So you say that startup time is slow?

One of the first things that people may notice when they’re running managed applications is that the startup time is slower than a ‘native’ application.  Without delving into details, the major cause for this ‘slow down’ is the actual compilation that needs to happen (called JIT – Just in time compiling).  Since the managed code has to be compiled into native code before it’s executed, this is an expected delay when starting the application. Since Managed DirectX is built on top of this system, code you write using the Managed DirectX runtime will have this behavior as well.

Since the JIT compilation can do a lot of optimizations that just can’t be done during compile time (taking advantage of the actual machine the code is running on, rather than the machine it was compiled on, etc.) the behavior here is desired, the side effects (the slowdown) is not.  It would be great if there was a way to have this cost removed. Luckily for us, the .NET Framework includes a utility called NGen (Native Image Generator) which does exactly this.

This utility will natively compile an assembly and put the output into what is called the ‘Native Assembly Cache’, which resides within the ‘Global Assembly Cache’.  When the .NET Framework attempts to load an assembly, it will check to see if the native version of the assembly exists, and if so, load that instead of doing the JIT compilation at startup time, potentially dramatically decreasing the startup time of the application using these assemblies.   The downsides of using this utility are two-fold.  One, there’s no guarantee that the startup or execution time will be faster (although in most cases it will be – test to find out), and two the native image is very ‘fragile’.  There are a number of factors which cause the native images to be invalid (such as a new runtime installation, or security settings changes). Once the native image is invalid, it will still exist in the ‘Native Assembly Cache’, and never be used.  Plus, if you want to regain the benefits, you’ll need to ngen the assemblies once more, and unless you’re watching closely, you may not even notice that the original native assemblies are now invalid.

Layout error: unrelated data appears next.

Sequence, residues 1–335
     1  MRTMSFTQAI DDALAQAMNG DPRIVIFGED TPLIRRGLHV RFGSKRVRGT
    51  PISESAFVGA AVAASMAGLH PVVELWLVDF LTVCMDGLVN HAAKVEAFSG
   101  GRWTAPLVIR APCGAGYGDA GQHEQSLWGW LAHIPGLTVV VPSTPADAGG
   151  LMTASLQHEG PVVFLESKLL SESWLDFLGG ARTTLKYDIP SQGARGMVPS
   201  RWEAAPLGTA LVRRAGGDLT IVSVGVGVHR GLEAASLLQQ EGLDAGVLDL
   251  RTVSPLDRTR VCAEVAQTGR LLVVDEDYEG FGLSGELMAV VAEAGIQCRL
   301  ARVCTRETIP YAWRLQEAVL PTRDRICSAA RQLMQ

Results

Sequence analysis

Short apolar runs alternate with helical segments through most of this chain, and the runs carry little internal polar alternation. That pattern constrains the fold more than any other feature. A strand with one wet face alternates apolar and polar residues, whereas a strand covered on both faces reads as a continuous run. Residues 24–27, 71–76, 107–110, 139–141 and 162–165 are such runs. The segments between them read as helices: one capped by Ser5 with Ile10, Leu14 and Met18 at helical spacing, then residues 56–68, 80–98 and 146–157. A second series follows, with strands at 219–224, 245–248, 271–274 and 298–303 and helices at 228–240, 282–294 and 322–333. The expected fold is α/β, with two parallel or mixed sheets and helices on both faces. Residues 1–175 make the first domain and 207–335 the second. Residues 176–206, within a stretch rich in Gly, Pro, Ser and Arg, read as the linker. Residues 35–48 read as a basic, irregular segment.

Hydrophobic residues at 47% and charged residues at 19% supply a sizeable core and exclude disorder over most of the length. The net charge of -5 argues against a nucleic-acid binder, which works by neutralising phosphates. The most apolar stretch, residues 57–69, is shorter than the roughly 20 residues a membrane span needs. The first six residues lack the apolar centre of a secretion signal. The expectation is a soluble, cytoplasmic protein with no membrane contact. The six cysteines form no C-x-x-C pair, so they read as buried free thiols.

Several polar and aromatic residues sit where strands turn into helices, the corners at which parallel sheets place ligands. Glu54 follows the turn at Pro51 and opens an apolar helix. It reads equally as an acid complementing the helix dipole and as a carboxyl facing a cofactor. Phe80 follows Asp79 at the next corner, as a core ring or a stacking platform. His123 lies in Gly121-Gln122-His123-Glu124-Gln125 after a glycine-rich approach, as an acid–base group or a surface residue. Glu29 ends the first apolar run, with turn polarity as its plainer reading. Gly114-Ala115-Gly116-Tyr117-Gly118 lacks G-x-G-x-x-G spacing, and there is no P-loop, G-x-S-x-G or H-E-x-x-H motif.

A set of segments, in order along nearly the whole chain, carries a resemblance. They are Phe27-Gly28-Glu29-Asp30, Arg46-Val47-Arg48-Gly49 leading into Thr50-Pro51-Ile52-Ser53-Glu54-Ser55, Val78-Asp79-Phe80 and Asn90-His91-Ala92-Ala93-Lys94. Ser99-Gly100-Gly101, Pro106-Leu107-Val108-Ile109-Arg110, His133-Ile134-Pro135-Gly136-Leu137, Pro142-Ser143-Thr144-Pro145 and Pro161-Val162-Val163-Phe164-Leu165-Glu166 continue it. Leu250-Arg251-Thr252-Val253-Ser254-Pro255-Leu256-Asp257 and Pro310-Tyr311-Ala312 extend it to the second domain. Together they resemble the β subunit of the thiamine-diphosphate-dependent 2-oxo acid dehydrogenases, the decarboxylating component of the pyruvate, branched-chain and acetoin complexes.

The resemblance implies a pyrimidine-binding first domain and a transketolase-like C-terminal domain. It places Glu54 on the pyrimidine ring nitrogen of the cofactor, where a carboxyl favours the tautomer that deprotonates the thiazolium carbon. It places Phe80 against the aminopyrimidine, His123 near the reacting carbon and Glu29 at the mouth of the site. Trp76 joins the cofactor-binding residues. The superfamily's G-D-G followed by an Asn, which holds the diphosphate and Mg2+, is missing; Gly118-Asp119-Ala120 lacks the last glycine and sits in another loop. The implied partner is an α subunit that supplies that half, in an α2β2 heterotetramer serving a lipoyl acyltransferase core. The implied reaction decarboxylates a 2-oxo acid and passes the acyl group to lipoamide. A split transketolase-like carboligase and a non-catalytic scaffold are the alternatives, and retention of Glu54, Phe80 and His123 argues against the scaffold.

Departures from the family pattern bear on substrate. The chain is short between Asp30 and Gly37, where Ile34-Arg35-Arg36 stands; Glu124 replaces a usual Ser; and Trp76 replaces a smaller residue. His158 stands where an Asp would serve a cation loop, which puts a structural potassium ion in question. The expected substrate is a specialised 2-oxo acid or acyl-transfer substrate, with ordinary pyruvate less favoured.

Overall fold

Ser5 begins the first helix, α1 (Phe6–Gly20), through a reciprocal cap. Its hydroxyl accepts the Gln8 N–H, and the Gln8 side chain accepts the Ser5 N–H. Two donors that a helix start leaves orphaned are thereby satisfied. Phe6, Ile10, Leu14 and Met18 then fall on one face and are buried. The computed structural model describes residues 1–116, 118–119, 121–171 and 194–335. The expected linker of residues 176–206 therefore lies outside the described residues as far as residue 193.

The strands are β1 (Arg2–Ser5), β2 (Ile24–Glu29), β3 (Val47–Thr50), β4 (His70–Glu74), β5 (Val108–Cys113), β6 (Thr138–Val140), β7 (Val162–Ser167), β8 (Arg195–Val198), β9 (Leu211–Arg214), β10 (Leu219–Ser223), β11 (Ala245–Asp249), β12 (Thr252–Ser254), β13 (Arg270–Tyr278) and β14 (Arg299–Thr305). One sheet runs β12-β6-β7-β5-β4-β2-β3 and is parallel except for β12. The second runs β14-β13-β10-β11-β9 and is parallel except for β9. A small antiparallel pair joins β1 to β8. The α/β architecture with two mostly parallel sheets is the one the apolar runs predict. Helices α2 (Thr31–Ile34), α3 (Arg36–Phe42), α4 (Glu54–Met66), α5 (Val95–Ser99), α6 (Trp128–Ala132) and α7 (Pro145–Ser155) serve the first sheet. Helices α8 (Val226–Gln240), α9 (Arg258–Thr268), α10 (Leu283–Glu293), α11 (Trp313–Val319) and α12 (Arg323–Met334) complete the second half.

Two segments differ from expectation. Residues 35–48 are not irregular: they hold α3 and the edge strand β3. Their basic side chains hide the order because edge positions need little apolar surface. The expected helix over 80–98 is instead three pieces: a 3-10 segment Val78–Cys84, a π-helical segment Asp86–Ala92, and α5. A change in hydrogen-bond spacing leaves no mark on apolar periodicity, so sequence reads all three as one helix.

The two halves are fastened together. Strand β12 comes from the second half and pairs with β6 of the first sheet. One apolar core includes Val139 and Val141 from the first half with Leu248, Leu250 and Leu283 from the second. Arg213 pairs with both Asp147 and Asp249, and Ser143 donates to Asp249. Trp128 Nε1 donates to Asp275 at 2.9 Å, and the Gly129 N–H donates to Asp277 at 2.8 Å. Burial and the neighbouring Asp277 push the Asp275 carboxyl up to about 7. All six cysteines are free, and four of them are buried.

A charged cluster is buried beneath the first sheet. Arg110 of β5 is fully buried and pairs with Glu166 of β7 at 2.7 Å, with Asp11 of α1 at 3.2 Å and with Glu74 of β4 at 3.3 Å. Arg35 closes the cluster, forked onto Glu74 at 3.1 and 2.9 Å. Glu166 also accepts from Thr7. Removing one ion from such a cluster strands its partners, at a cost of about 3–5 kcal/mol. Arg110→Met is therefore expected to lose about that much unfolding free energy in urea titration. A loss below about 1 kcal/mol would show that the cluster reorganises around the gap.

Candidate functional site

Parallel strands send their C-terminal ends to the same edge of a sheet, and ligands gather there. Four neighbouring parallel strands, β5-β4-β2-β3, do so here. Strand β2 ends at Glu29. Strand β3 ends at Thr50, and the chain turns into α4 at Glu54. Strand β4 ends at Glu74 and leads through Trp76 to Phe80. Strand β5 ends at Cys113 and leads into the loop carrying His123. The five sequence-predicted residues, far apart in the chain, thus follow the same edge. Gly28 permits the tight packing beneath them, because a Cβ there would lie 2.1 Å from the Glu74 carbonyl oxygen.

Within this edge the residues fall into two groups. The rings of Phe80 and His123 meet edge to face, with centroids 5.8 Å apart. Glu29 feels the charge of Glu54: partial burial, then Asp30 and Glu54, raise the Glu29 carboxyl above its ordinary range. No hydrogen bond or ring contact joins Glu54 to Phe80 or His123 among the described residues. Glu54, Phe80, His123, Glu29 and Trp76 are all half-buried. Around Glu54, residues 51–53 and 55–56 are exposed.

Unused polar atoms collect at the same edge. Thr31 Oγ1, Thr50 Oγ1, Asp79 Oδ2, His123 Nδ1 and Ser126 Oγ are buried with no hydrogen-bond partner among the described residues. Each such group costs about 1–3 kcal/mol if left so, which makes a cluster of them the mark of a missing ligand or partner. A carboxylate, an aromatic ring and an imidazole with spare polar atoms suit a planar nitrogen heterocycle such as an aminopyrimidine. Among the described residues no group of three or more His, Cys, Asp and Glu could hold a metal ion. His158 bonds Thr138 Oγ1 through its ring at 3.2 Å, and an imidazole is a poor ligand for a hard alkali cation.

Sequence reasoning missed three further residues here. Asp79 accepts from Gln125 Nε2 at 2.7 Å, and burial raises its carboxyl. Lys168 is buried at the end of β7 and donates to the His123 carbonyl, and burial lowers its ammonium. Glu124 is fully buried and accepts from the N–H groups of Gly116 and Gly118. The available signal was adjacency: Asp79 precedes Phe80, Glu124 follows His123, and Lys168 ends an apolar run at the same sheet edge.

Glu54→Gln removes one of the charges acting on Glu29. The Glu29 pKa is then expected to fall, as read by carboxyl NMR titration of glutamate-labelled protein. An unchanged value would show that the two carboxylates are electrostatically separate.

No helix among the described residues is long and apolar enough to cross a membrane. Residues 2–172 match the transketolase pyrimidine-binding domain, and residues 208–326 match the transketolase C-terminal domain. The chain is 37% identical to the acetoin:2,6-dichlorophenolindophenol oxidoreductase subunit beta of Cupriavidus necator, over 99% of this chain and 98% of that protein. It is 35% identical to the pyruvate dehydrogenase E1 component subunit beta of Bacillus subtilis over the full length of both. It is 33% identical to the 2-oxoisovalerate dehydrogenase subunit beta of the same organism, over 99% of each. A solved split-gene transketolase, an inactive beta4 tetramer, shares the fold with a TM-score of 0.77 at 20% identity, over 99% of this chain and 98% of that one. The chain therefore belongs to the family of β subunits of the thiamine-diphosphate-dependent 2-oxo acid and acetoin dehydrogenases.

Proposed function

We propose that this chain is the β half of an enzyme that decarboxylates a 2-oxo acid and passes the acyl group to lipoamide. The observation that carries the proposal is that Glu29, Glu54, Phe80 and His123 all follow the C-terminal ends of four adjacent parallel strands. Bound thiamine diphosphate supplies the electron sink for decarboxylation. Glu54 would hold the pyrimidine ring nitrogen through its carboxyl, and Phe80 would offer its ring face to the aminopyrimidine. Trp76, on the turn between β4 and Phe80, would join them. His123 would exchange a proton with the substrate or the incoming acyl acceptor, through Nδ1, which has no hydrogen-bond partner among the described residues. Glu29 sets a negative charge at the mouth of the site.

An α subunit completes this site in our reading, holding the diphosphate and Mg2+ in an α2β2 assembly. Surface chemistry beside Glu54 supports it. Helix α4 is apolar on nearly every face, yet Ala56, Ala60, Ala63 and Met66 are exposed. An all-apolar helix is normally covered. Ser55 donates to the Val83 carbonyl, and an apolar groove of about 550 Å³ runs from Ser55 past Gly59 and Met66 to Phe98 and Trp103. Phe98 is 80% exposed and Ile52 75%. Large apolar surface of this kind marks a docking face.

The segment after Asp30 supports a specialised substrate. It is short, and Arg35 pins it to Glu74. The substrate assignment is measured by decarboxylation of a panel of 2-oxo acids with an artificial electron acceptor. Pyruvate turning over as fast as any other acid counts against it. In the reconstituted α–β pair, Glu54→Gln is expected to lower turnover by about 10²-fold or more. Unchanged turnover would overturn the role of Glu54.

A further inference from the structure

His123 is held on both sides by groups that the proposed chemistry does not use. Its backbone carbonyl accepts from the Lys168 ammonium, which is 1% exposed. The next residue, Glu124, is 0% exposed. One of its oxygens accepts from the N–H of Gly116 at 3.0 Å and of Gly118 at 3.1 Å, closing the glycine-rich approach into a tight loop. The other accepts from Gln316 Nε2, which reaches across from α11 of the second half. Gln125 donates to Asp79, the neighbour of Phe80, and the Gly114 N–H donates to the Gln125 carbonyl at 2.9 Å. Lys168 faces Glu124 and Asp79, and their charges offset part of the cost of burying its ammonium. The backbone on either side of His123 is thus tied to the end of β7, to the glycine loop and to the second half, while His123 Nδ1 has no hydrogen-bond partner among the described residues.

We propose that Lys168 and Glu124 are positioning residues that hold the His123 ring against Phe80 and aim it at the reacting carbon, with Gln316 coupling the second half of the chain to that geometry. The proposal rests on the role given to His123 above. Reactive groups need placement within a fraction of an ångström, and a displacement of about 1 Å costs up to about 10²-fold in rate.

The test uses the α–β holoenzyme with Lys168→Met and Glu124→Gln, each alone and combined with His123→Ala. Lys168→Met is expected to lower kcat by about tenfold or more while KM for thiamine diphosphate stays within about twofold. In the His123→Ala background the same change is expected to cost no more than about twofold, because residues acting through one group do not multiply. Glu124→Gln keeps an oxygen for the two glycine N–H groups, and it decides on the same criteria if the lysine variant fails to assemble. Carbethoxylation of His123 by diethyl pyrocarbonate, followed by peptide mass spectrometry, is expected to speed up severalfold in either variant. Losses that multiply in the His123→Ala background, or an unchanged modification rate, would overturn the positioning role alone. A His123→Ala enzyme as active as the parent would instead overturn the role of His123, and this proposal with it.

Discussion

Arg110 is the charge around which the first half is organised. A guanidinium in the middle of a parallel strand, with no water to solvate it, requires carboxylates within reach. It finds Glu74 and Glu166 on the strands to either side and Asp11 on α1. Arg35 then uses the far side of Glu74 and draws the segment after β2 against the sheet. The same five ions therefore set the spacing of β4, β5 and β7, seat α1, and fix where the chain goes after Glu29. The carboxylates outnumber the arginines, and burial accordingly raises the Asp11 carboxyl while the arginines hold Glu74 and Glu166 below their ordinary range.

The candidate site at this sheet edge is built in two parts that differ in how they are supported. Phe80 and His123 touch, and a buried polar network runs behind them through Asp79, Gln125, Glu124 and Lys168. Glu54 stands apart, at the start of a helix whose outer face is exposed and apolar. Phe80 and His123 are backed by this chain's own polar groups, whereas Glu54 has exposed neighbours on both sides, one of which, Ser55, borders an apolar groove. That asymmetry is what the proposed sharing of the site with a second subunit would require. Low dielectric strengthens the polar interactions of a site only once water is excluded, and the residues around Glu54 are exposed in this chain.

If you’ve decided you would still like to ngen your Managed DirectX assemblies, here are the steps you would take:

  • Open up a Visual Studio.NET 2003 Command Prompt Window
    • If you do not wish to open that command window, you could simply open up a normal command prompt window, and ensure the framework binary folder is in your path.  The framework binary folder should be located at %windir%microsoft.netframeworkv1.1.4322 where %windir% is your windows folder.
  • Change the directory to %windir%microsoft.netManaged DirectX, where %windir% is your windows folder.
  • Go into the folder for the version of Managed DirectX you wish to ngen from here (the later the version, the more recent the assembly).
  • Run the following command line for each of the assemblies in the folder:
    • ngen microsoft.directx.dll (etc)
    • If you’re command prompt supports it you may also use this command line instead:
      • for /R %i in (*.dll) do ngen %i

If you later decide you did not want the assemblies compiled natively, you can use the ngen /delete command to remove these now compiled assemblies.

  • Note that not all methods or types will be natively compiled by ngen, and these will still need to be JIT’d.  Any types or methods that fall into this category will be output during the running of the ngen executable.

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